The Iranian-American engineer, businessman, and philanthropist Khosrow Semnani made a splash in foreign policy circles in both Washington and Tehran in 2013 after he published a comprehensive report about the environmental and human costs of a military strike on Iranian nuclear facilities. Five years later he has published a new report, this time focusing on the socioeconomic effects of corruption in Iran’s oil industry.

In “Where is My Oil?”–the title playing off the resounding chants of “Where is My Vote?” during mass street protests against the contested result of Iran’s 2009 presidential election–Semnani, based in Salt Lake City, Utah, argues that state forces repress the Iranian people through a system of “corruption by design” that’s funded by oil revenues that belong to the people, not the government. With revenues from that oil accounting for 50%–60% of the country’s fiscal budget, corruption in the oil sector threatens the budgets of every ministry and deprives all sectors of Iranian society from the most basic services, according to the report. “If the corruption went away, the system would not be able to survive,” Semnani told the Center for Human Rights in Iran (CHRI) on March 26, 2019. Excerpts of the interview follow.

CHRI: How are you connected to Iran and how did you end up here in the United States?

Semnani: I was born in Iran and went to school in Iran and England. I have an undergraduate degree in physical sciences. In 1988, I established the first privately owned nuclear waste disposal facility in the United States. I operated that until 2004 when I sold it. Since then I have been involved in investments and other businesses, real estate…

The connection to Iran goes back to 1973 when I was last there; I have not been there since of course. After the revolution, unfortunately, the war started in 1980 and it was a disaster for Iran. Hundreds of thousands of young people were killed and there were billions of dollars of damage.

Since ‘84, I’ve been actively helping individuals and causes of human rights. Also, I served eight years as a member of the board of trustees of Encyclopedia Iranica, served three years as chair, and helped anti-war promotion of democracy in Iran, not directly, but indirectly. And of course, that takes us to the 2004-2005 discussions of Iran’s nuclear program and that became more and more prominent.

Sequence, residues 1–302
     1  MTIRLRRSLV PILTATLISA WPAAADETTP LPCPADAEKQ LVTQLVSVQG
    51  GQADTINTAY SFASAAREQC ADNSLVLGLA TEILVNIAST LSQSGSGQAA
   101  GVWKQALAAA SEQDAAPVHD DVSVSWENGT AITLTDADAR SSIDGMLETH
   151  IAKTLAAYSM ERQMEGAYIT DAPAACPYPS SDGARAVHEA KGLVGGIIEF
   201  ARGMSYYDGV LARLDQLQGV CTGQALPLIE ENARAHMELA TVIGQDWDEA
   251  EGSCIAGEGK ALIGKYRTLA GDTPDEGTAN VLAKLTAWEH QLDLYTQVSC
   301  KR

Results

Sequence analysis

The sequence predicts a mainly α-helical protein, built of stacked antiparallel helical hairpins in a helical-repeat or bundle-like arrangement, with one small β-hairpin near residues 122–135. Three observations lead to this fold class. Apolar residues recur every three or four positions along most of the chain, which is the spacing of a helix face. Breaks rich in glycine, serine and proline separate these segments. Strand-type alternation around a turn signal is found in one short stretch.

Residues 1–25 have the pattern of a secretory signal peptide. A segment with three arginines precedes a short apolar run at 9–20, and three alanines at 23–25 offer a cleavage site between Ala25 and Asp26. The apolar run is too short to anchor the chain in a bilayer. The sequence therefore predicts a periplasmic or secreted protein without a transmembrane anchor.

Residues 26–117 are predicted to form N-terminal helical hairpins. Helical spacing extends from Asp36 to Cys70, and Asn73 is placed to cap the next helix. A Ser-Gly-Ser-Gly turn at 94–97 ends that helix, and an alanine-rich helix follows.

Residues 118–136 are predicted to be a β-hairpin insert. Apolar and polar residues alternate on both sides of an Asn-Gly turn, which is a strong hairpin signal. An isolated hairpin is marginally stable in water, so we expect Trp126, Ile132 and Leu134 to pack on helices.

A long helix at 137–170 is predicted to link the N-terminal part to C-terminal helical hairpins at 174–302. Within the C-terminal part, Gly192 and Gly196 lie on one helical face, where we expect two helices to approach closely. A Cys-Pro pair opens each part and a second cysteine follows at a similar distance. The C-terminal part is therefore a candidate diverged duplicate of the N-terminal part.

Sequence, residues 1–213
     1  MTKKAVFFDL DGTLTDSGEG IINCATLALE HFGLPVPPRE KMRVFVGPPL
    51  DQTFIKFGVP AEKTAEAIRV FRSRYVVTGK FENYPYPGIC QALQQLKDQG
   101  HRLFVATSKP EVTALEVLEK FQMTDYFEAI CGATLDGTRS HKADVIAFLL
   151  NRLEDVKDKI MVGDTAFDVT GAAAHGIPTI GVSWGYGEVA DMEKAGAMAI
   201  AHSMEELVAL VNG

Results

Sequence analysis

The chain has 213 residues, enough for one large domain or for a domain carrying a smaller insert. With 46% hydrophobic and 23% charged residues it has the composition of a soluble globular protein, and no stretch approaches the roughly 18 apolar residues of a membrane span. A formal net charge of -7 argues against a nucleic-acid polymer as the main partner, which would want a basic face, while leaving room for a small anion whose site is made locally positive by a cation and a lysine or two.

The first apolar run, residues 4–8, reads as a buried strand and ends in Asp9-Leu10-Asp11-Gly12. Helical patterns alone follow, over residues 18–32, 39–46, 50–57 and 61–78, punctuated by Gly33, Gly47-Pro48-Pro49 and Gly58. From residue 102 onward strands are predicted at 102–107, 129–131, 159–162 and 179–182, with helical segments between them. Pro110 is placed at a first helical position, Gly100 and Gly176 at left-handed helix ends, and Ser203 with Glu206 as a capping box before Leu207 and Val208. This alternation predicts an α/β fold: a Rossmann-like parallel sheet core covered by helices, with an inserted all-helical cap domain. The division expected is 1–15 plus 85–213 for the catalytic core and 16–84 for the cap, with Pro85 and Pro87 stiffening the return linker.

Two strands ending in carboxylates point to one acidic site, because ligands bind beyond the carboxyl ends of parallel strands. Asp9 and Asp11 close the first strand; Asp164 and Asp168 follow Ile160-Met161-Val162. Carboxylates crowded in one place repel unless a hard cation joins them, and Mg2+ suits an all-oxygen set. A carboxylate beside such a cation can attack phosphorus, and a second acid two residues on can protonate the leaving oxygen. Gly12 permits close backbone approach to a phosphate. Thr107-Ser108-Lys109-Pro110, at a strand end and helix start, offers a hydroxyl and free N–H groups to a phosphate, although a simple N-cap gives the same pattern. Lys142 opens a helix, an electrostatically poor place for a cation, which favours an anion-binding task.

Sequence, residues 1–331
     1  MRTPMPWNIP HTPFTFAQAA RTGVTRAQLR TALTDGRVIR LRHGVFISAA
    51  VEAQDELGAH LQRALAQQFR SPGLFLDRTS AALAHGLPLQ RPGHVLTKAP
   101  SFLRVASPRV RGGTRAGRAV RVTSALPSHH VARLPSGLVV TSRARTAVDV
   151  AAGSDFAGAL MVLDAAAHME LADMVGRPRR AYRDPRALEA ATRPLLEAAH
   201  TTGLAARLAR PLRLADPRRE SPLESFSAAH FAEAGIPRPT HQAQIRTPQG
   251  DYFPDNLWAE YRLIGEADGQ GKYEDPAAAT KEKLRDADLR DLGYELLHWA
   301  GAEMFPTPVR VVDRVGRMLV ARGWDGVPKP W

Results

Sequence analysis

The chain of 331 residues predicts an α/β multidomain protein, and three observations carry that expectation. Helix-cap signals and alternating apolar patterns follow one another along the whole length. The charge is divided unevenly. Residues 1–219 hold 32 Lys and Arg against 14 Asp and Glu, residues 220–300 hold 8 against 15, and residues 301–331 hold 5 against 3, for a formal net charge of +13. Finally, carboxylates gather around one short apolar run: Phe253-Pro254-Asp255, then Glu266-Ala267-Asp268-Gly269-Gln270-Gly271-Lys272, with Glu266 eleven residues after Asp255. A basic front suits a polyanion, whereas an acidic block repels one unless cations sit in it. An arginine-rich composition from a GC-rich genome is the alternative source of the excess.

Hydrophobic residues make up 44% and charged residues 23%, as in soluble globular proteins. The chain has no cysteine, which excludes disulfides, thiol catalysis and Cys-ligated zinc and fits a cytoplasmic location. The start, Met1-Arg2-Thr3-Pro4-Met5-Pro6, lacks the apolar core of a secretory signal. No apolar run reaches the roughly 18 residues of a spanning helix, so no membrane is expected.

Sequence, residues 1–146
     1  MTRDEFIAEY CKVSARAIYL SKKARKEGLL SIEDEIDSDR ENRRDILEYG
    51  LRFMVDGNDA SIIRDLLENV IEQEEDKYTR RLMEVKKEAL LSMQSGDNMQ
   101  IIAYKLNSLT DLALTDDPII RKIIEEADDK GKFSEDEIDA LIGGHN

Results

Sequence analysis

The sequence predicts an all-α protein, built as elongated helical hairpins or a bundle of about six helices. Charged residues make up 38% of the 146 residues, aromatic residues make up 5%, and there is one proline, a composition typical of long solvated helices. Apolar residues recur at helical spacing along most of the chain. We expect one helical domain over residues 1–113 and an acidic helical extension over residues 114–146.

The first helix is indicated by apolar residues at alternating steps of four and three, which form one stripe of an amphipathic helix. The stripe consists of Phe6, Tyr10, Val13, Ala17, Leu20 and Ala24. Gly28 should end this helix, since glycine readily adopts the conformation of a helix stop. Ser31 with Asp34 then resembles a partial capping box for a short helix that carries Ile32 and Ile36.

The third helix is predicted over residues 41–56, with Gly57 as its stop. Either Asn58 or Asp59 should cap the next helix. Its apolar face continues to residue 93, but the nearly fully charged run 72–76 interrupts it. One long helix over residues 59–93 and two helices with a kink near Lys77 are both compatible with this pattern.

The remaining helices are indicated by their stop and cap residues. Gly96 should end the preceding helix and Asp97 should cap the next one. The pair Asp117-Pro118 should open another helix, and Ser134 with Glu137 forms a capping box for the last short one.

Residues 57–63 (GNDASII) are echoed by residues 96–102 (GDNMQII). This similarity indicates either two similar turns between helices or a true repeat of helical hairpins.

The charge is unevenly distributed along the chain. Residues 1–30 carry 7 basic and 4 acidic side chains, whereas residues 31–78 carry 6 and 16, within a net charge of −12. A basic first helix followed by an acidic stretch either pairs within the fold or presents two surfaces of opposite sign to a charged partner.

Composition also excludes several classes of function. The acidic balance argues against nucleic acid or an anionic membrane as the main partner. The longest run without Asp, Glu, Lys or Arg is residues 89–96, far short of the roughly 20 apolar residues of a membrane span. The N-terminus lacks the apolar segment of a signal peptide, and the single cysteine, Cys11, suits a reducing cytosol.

Later, in 2009, there were discussions of potential military attacks on Iran’s nuclear facilities and these discussions were mainly political and economic; nobody talked about the human dimension. So because of my background in nuclear sciences and knowledge of the consequences of the effects of an attack on the nuclear facilities as well as the impact to humans and the environment, I began to look at this issue and realized it could be very devastating for the Iranian people, mainly in Isfahan and Bushehr.

I undertook a study in consultation with Dr. Gary Sandquist, also a nuclear physicist, and the Hinckley Institute at the University of Utah in Salt Lake City to create this report, “The Ayatollah’s Nuclear Gamble,” regarding nuclear consequences and casualties of such an attack. We published it in 2012 and it was well received. As time went on, we saw that people inside Iran were realizing the consequences. Actually, the people of Isfahan, including the governor, were commenting on that themselves. The information actually got to Iran and people were reacting. The State Department and the Department of Energy also expressed interest and asked for copies. People were interested in the findings.

CHRI: It’s interesting that you brought up the issue of military conflict, because even today, we get this question a lot: Why should people talk about human rights in Iran when the whole country faces threats from the outside?

Semnani: One would not be honest with himself or herself if they didn’t connect the dots. In politics and economy, you have to connect the dots before you see the big picture. If you look at what’s going on in Iran, and even the current discussion of war, you have to ask yourself why Iranian people have found themselves in such a predicament.

Iran’s 1979 revolution was created and based on a crisis. It was rooted in crisis and it has to live with manufactured crises. That’s the interesting thing. It’s all connected. In our latest report, “Where is My Oil?” we show that the question of human rights, corruption—all those things create a certain outcome. If you didn’t have the money through corruption, you wouldn’t have the forces or ability to sustain a non-popular regime in Iran that violates, on a daily basis, human rights. So they need that fuel, that money, to survive and that comes through corruption. We called this “corruption by design.” It was decided and implemented and has remained with the exact same methodology over the years to deliver a certain outcome.